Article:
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Bernard Fanning - Departures

Spotify: Bernard Fanning – Departures


 7/10

There’s a certain resonance created when you name a record Departures, especially when you are one of the most celebrated musicians in a country’s history. World, meet Bernard Fanning, lead singer of the now defunct Powderfinger, one of the very best Australian bands of all time and makers of a couple of the best Aussie rock songs ever. He is also an acclaimed solo artist, having made the record Tea and Sympathy back in 2005 which spawned the mega hit "Wish You Well", winner of the coveted Triple J Hottest 100. 

It’s now 2013. Powderfinger are a distant memory, a beautiful indulgence for a nostalgic Sunday session in the backyard around the BBQ. Fanning is 43, and although age has now become largely irrelevant in the music industry, he has a young family and is a settled man. There was always going to be another solo record, but the million dollar question was what path he would take. His folky, barefoot romp on Tea and Sympathy was a certain departure and a chart success (it went 5x Platinum in Australia), yet the harder edge that Powderfinger always utilised to undertone their best album work was wildly successful. Refreshingly, Fanning himself claims this record was not a reaction to any trends or past success but rather something he put together free from the stresses of pleasing everyone around him. This is his record, and his personality shines through on every track.

Funnily enough, it was written mostly in Madrid, where Fanning resided with his daughter and wife in the post-finger mêlée. I say funnily enough because if there were any better chance of creating a true departure from his previous body of work it would be in a country heaped in culture and musical influence, especially unique guitar sounds. Yet Departures is an Australian record. Even the very first song, “Tell Me How It Ends” has an intro strikingly reminiscent of “The Metre” and a riff that utilises that same dirty, low-down bass riff fromMy Kind Of Scene, both tracks off of the brilliant Odyssey Number 5. Certainly not a criticism, and once Fanning’s voice slides in to the bridge you realise his gift for melody and traditional pop-rock is not dulled by the absence of his former band mates. It’s a song laced with uncomplicated anxieties, he sings "hard as I try to be satisfied, I haven’t found it yet" in a statement you might find disenchanting for a man with a beautiful young family living in Madrid. It’s this honesty that ultimately helped the stamina of Powderfinger though, and a refusal to accept the status quo or to be coerced down lyrical and musical paths that has always been a cornerstone of Fanning’s identity as a musician and ultimately why he has been successful.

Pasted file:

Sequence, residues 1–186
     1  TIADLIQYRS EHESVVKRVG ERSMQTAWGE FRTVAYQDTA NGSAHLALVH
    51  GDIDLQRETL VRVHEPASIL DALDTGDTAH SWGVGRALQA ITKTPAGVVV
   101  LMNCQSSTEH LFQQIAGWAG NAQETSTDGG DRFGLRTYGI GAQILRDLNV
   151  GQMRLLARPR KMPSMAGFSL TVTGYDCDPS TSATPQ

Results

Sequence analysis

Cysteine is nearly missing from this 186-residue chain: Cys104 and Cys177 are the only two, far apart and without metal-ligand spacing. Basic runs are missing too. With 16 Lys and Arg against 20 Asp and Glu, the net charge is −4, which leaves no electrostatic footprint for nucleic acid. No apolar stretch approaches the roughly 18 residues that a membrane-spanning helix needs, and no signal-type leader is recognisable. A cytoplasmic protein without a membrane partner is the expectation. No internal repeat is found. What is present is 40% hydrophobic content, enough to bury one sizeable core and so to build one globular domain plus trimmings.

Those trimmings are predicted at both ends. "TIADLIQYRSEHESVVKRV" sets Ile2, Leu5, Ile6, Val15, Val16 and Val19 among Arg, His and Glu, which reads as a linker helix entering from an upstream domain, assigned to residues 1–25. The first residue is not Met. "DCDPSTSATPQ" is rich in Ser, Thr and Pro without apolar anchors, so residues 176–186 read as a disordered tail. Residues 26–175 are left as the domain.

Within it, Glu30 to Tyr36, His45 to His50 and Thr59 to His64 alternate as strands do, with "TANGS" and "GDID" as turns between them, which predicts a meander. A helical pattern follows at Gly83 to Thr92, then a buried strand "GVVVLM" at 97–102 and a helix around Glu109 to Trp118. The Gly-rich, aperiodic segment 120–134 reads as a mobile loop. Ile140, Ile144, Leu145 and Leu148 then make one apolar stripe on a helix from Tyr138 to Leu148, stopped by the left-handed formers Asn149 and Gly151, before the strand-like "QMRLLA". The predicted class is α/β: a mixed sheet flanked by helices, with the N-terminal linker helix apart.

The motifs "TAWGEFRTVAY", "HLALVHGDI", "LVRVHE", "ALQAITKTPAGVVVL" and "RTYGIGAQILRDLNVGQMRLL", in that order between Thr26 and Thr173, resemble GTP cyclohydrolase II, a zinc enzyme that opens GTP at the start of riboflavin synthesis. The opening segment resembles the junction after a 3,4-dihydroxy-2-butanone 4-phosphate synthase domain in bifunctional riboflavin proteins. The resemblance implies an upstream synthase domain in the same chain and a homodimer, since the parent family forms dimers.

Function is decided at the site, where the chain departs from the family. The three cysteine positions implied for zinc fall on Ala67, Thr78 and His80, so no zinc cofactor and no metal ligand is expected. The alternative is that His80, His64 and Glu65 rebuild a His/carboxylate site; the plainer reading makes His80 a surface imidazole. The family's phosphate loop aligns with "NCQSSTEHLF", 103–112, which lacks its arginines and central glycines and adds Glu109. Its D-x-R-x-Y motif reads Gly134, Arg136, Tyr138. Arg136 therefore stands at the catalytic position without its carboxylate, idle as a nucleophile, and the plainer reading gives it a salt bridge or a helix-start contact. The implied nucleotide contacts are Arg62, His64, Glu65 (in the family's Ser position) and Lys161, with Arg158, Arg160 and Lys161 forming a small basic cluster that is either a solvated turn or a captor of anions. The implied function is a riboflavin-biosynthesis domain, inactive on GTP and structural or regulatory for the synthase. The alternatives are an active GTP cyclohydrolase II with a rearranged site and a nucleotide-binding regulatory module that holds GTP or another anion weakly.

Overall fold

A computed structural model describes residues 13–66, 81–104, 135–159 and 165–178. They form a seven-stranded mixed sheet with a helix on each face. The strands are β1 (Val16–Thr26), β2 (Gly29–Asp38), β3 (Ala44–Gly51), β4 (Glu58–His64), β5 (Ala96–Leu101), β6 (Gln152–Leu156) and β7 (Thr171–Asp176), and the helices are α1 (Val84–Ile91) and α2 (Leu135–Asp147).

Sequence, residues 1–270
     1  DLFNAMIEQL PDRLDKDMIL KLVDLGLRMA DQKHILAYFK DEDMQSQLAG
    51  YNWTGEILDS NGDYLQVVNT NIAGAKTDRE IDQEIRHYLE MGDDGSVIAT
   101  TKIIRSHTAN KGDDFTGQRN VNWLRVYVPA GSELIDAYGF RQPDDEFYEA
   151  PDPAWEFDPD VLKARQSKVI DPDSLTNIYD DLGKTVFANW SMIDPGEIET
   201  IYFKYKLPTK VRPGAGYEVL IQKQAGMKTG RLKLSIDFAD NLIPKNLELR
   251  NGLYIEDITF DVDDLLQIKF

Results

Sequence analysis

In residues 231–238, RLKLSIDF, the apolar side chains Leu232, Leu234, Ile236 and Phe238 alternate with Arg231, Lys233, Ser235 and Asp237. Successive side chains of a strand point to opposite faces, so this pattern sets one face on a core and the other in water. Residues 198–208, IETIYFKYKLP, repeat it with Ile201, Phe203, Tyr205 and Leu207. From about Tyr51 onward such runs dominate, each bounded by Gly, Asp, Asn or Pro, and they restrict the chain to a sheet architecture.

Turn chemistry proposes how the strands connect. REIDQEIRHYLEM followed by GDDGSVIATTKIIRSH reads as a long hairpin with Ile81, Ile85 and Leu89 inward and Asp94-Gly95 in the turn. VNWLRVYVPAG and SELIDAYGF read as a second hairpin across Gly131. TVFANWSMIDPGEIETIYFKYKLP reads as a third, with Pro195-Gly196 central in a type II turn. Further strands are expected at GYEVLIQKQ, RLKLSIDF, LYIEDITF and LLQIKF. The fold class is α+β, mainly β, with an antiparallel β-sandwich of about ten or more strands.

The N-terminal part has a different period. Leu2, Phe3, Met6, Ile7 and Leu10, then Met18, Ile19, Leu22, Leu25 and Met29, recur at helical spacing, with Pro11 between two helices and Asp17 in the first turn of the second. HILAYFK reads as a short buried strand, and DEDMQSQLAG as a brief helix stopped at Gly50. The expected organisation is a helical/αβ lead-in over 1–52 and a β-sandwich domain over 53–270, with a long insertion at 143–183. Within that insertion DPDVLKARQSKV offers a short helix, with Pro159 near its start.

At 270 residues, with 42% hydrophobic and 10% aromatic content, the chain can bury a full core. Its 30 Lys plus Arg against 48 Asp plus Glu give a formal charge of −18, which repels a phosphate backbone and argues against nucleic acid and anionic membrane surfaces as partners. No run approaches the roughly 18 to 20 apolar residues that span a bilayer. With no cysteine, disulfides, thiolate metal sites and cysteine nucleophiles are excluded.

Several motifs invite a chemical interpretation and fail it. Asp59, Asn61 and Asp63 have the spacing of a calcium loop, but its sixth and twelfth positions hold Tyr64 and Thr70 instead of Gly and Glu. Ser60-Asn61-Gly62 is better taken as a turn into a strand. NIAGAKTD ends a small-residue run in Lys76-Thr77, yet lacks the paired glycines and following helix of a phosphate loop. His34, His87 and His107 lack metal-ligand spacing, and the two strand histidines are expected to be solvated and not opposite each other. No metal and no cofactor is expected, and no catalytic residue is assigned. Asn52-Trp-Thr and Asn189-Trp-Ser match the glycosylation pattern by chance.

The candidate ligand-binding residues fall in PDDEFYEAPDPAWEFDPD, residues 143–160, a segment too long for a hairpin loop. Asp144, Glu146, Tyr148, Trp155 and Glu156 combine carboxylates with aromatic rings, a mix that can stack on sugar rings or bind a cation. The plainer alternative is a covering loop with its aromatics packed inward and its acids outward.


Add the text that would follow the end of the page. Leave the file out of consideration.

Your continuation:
The best track then surfaces, Limbo Stick, a Strokes-esque patter at the start gives way to that startling gift for a bridge that he has, before the wall of sound hits as Fanning double tracks his vocals so he can keep his tone low and impactful. It seems customary now that he imparts his wisdom during his bridges, warning us "life goes slow, death comes quick", a sobering statement that tempers the cloud reaching sonic he is focusing on. Despite Fanning’s statements that his focus was entirely rooted in a project free of the expectations he’d faced his whole career in Powderfinger, Departures is grounded in what has clearly become an inherent pop wisdom. Australian rock music has evolved gradually since the mid 90s, yet if it were viewed in a time lapse fashion the change is quite startling. Where huge, dirty guitars backed by raw, animalistic vocals ruled the charts up towards the turn of the millennium, the temperament softened gradually to the point where there are now few mainstream bands still flying that rebellious grunge flag that Silverchair and Powderfinger wove so expertly. Airbourne are the last of the breed, with Wolfmother and The Vines having all but died out. Fanning is savvy, and Departures adheres to this.